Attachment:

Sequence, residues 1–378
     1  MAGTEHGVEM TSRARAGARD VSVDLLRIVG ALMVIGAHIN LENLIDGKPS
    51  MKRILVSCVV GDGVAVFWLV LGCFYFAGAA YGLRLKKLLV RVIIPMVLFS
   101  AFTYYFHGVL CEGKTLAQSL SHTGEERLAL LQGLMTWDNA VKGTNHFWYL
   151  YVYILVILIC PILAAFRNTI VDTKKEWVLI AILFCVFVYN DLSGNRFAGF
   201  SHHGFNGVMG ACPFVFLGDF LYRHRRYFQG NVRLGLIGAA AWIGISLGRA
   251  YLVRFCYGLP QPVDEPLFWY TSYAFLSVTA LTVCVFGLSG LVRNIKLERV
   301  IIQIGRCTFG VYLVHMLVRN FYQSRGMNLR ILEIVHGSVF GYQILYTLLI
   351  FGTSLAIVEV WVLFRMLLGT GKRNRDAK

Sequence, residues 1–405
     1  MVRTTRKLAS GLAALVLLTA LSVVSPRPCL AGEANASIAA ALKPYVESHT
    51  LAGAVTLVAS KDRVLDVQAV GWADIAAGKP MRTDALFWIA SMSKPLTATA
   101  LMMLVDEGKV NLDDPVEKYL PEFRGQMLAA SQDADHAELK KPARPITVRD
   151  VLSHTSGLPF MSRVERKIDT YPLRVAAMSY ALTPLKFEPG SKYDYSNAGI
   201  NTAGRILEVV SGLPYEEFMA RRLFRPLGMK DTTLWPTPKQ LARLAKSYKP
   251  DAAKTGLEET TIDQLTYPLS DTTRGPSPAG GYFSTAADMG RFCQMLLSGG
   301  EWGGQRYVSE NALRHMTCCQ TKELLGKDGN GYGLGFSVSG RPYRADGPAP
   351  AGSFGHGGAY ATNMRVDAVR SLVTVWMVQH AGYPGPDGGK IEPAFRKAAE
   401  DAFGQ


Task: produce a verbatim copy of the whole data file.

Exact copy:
Sequence, residues 1–378
     1  MAGTEHGVEM TSRARAGARD VSVDLLRIVG ALMVIGAHIN LENLIDGKPS
    51  MKRILVSCVV GDGVAVFWLV LGCFYFAGAA YGLRLKKLLV RVIIPMVLFS
   101  AFTYYFHGVL CEGKTLAQSL SHTGEERLAL LQGLMTWDNA VKGTNHFWYL
   151  YVYILVILIC PILAAFRNTI VDTKKEWVLI AILFCVFVYN DLSGNRFAGF
   201  SHHGFNGVMG ACPFVFLGDF LYRHRRYFQG NVRLGLIGAA AWIGISLGRA
   251  YLVRFCYGLP QPVDEPLFWY TSYAFLSVTA LTVCVFGLSG LVRNIKLERV
   301  IIQIGRCTFG VYLVHMLVRN FYQSRGMNLR ILEIVHGSVF GYQILYTLLI
   351  FGTSLAIVEV WVLFRMLLGT GKRNRDAK

Sequence, residues 1–405
     1  MVRTTRKLAS GLAALVLLTA LSVVSPRPCL AGEANASIAA ALKPYVESHT
    51  LAGAVTLVAS KDRVLDVQAV GWADIAAGKP MRTDALFWIA SMSKPLTATA
   101  LMMLVDEGKV NLDDPVEKYL PEFRGQMLAA SQDADHAELK KPARPITVRD
   151  VLSHTSGLPF MSRVERKIDT YPLRVAAMSY ALTPLKFEPG SKYDYSNAGI
   201  NTAGRILEVV SGLPYEEFMA RRLFRPLGMK DTTLWPTPKQ LARLAKSYKP
   251  DAAKTGLEET TIDQLTYPLS DTTRGPSPAG GYFSTAADMG RFCQMLLSGG
   301  EWGGQRYVSE NALRHMTCCQ TKELLGKDGN GYGLGFSVSG RPYRADGPAP
   351  AGSFGHGGAY ATNMRVDAVR SLVTVWMVQH AGYPGPDGGK IEPAFRKAAE
   401  DAFGQ